‘They See The Uniform And It’s Just So Powerful’ Veterans honored in pinning ceremonies throughout Fredericksburg area, as seen on fredericksburg.com

This article was originally posted on fredericksburg.com

November 10, 2017

By Emily Jennings

Col. Brian McCormack, active duty U.S. Army National Guard, bent respectfully toward Jeno Matrai to honor him with a commemorative pin for service he rendered during World War II.

Matrai was a freedom fighter in the resistance movement against Germany, completing covert operations in various countries in support of the Allies. He speaks several languages, including Hungarian, German and French.

But for years now, Matrai has been battling dementia, residing at Poet’s Walk, a Spring Hills Memory Care Community near Central Park in Fredericksburg. According to his caretakers there, like many residents, Matrai doesn’t talk much any more, withdrawing into himself due to his condition.

Remarkably, however, as McCormack stood before Matrai in full military uniform, Matrai responded, giving a sharp salute and speaking very clearly and proudly to the colonel in Polish. Those in the room were emotionally moved, in spite of being unable to understand the language.

“It’s inspiring to see how [the veterans] react to the ceremony,” said Terri McAuliff, community liaison for Mary Washington Healthcare Hospice. “They see the uniform and it’s just so powerful, it touches them deep inside. Suddenly they start sharing.”

In addition to Matrai, 11 veterans who are now residents of Poet’s Walk were honored during the ceremony, as well as spouses and others who contributed to war efforts. One resident, for example, said she worked as a cook for soldiers in Korea the whole time the United States was fighting there. She was given a pin.

The event is coordinated between Mary Washington Hospice’s “We Honor Veterans” program and between 15 and 20 assisted-care facilities in the Fredericksburg area, including the Poet’s Walk. In addition to this year’s Veterans Day ceremonies Friday, the program honors veterans throughout the year as they enter hospice care, both at assisted-care facilities and in their own homes.

“In 2016, we honored more than 250 veterans,” McAuliff said. “We’ve been doing this now since 2013 and I’m grateful to be a part of it, they’re all wonderful individuals who deserve to be recognized.”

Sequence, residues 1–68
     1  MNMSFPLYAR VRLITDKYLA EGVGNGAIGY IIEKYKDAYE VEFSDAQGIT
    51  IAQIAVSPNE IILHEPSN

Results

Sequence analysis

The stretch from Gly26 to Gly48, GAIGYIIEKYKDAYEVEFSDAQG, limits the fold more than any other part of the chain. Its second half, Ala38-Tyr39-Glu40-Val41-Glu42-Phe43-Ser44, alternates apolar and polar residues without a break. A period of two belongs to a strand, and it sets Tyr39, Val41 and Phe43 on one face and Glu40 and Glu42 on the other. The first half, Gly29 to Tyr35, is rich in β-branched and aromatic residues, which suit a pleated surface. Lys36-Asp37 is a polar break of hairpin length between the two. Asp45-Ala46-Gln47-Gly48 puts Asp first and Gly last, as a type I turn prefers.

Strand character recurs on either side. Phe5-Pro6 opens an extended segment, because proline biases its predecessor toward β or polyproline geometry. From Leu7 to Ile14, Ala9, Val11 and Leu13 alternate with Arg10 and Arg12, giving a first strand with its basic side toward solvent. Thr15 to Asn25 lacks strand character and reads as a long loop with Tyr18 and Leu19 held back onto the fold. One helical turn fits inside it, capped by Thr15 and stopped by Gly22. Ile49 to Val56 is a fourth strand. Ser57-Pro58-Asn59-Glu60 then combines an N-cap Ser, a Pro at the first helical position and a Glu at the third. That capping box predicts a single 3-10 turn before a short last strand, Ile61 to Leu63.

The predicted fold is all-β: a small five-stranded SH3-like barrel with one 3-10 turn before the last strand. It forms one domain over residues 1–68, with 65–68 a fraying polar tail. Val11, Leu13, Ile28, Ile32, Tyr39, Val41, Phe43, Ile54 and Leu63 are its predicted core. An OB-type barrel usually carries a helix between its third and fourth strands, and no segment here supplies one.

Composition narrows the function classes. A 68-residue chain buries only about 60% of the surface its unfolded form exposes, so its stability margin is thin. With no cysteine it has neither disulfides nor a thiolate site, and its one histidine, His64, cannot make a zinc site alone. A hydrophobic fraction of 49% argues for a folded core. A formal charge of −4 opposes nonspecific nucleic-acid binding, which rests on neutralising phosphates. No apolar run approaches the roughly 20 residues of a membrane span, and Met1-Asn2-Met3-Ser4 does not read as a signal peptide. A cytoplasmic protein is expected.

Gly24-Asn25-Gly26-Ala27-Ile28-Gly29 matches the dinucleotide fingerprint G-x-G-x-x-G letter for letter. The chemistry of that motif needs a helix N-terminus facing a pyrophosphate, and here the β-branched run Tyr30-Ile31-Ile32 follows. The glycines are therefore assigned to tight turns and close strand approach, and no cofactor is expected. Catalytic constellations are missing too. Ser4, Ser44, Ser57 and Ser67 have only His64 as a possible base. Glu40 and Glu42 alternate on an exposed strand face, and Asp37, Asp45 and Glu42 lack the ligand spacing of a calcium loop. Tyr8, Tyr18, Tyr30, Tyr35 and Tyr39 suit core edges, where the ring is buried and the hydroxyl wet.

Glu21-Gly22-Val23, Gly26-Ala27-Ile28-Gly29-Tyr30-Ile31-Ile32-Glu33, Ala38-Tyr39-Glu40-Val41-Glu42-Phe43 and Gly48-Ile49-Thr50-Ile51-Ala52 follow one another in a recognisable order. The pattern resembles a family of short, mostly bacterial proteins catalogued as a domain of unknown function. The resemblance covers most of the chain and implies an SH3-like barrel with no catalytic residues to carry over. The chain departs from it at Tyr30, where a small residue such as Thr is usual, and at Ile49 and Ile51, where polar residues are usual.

Janet Green, Poet’s Walk resident and family ambassador, said each of the people who live there have Alzheimer’s or some other form of dementia. “Some are farther along on that journey than others,” Green said.

Having Mary Washington come and perform the pinning ceremony is something she treasures.

“We love these people. We appreciate their individual talents and rich history,” Green said. “To see their reaction, to see that spark of recognition, of making a difference to their quality of life even for a moment, means the world to me.”

Resident Bosquet “Biscuit” Wev was in the submarine service of the Navy during the Korean and Vietnam wars, serving a total of 30 years. When asked about the missions he performed, he smiled, “I could tell you, but then I’d have to kill you. Most of my service was classified.

After everyone in attendance sang the national anthem, Marine Corps veteran and resident Nick Hilgert shouted an enthusiastic, “Oo-Rah!”—true to his military origins.

Hilgert served in Vietnam during the 1950s and ‘60s. “Everything was a story the whole damn time I was there,” Hilgert said. “You look at people and you wonder how the hell they made it.”

“I failed her so she would have to repeat the course,” he said, holding her hand affectionately.

Hart served as a medical doctor in the psychiatric division for the U.S. Army in Japan, arriving in Nagasaki two years after the atomic bomb was dropped. “The residents there were so disfigured, it was terrible,” he said.

Hart evaluated soldiers affected by the war in Korea, deciding whether to send them back to the front or if they should return to the states to Walter Reed National Military Medical Center.

“It was a whole different world back then,” Hart commented.

In her presentation to the veterans, Mary Washington Hospice social worker Beatrice Kerr expressed gratitude on behalf of herself and American citizens everywhere who have benefitted from their service.

“You answered the call to duty when our nation needed you,” she said. “You helped ensure that our nation’s future will continue to embrace our legacy as the land of the free and the home of the brave.”